This seating article was written about 18 months ago after Congress told the DOT to solve the problem. International seating is even more of a mess than domestic travel. Allowing families to sit together on planes has a list of the current airline policies on reserved seats. It lists those airlines that provide no-cost reservations and those who charge for every seat up until a short time before departure.
Unfortunately, DOT took no action. The current administration loudly thumps the tub of “family values,” however does nothing to promote these “values” during airline flights.
In my opinion, seat selection fees are a way for airlines to monetize families’ anxieties about being separated from their children. Not only can these fees add up to hundreds of dollars for families with children on a round-trip itinerary, but it also becomes a safety issue when airlines assign parents seats apart from their children. Doing so makes them unable to fulfill routine parental duties, let alone assist in the event of an emergency.
Thankfully for US-based travelers, these seat fees mostly affect European airlines at this time. And, some of them do make exceptions for families traveling with small children. Plus, the FAA reauthorization bill from 2016 requires airlines to seat passengers 13 and under with an adult on their reservation, at no cost. [Editor’s note: After almost two-and-a-half years, DOT has taken no action. They claim there is no problem with families finding seating together at no cost.]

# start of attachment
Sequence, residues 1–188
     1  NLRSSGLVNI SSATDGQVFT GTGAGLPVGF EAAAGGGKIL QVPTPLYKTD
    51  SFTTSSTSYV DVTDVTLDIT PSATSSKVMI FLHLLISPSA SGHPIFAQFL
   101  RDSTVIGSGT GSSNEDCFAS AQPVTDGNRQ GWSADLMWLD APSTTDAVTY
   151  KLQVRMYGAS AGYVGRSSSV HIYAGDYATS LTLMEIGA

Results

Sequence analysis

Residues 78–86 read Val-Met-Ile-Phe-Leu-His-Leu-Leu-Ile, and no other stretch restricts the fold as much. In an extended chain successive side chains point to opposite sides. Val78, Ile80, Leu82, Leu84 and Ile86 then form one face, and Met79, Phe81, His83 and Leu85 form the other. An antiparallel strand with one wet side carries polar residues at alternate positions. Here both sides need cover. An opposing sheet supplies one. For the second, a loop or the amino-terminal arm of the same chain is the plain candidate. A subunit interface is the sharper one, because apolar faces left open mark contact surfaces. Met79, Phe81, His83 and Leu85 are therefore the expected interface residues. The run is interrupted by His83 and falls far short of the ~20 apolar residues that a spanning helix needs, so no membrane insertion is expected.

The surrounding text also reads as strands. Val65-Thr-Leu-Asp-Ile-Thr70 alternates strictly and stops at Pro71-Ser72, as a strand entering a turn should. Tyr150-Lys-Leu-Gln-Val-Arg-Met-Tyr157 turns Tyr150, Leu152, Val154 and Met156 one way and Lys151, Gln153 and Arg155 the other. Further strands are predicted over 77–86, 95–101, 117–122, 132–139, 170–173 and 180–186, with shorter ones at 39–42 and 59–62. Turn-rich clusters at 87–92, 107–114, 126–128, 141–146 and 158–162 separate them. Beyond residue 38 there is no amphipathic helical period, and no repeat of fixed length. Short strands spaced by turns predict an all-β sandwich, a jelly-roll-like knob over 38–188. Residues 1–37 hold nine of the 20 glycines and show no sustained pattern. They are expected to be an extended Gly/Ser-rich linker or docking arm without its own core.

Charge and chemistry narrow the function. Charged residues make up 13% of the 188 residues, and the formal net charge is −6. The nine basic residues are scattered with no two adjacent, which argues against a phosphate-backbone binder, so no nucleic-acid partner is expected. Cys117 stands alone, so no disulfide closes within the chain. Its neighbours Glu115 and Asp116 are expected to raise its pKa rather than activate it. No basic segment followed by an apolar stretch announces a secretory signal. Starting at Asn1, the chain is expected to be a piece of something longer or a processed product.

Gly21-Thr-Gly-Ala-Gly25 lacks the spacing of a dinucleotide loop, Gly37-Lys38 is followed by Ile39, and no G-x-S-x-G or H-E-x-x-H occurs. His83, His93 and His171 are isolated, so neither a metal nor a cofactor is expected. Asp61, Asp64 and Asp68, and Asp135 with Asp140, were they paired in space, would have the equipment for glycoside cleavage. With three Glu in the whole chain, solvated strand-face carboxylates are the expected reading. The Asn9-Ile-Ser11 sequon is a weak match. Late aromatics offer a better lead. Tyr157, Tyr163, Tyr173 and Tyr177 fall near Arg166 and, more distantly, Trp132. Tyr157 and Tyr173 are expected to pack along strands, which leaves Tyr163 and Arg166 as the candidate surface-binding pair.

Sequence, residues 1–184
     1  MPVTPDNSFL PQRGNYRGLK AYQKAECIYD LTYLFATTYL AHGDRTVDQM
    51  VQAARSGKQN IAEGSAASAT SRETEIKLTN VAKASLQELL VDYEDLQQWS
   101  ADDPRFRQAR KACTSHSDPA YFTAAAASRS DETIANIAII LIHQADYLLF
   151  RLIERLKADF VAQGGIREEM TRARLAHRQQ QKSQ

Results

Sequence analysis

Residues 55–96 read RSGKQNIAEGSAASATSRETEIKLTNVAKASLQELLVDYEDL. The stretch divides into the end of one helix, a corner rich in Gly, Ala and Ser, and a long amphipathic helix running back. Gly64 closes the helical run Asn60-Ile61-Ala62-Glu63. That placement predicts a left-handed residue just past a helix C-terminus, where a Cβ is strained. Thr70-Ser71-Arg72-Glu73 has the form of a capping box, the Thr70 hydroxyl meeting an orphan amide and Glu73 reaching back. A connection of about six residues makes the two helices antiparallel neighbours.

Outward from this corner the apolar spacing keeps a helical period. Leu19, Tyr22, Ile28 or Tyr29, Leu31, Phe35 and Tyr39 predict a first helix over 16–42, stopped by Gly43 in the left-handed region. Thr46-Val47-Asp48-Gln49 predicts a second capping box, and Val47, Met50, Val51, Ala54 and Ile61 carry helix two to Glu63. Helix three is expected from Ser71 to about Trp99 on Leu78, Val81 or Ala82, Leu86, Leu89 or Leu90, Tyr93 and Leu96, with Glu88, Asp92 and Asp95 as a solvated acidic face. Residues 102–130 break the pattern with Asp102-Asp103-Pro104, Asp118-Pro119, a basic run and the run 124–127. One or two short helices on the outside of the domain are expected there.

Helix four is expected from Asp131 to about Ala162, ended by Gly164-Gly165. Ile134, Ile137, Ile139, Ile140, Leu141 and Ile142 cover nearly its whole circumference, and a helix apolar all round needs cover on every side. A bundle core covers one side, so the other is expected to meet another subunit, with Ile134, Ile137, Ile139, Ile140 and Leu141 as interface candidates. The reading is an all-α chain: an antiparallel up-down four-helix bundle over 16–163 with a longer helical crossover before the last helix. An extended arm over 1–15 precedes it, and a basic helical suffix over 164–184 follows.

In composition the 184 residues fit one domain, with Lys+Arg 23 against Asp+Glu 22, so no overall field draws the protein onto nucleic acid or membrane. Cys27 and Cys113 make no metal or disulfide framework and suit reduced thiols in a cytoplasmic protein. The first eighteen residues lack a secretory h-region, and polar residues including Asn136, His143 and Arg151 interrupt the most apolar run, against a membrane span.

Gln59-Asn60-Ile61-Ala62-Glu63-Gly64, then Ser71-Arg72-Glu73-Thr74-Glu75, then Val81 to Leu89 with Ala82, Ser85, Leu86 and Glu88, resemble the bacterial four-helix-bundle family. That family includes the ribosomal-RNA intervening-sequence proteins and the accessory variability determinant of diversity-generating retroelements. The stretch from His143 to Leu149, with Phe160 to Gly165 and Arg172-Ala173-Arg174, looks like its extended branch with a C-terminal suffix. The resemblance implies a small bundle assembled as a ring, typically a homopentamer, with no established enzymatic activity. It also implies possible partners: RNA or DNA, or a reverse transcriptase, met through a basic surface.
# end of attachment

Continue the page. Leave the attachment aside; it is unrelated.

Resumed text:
Consumer Reports just joined the fight
Recently, Consumer Reports Advocacy promoted the case of families sitting together. Its involvement already bears fruit for this consumer protection bill. Consumer advocacy groups working together for reasonable airline rules is a Travelers United goal.
Charlie Leocha is the President of Travelers United. He has been working in Washington, DC, for the past ten years with Congress, the Department of Transportation and industry stakeholders on travel issues. He was the consumer representative to the Advisory Committee for Aviation Consumer Protections appointed by the Secretary of Transportation from 2012 through 2018.